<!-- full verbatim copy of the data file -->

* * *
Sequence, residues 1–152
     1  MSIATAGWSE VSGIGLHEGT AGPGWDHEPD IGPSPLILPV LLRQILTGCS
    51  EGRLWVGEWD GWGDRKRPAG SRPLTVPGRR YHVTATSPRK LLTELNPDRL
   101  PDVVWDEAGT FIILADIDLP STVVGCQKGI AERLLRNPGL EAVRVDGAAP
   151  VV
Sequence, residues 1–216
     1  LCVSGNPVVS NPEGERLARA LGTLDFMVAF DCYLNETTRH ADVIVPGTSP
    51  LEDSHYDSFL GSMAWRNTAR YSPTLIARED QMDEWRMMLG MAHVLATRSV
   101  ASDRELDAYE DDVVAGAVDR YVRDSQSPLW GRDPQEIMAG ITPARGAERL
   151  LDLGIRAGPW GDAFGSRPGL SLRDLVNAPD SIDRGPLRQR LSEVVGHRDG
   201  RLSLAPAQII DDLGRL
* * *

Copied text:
Sequence, residues 1–152
     1  MSIATAGWSE VSGIGLHEGT AGPGWDHEPD IGPSPLILPV LLRQILTGCS
    51  EGRLWVGEWD GWGDRKRPAG SRPLTVPGRR YHVTATSPRK LLTELNPDRL
   101  PDVVWDEAGT FIILADIDLP STVVGCQKGI AERLLRNPGL EAVRVDGAAP
   151  VV
Sequence, residues 1–216
     1  LCVSGNPVVS NPEGERLARA LGTLDFMVAF DCYLNETTRH ADVIVPGTSP
    51  LEDSHYDSFL GSMAWRNTAR YSPTLIARED QMDEWRMMLG MAHVLATRSV
   101  ASDRELDAYE DDVVAGAVDR YVRDSQSPLW GRDPQEIMAG ITPARGAERL
   151  LDLGIRAGPW GDAFGSRPGL SLRDLVNAPD SIDRGPLRQR LSEVVGHRDG
   201  RLSLAPAQII DDLGRL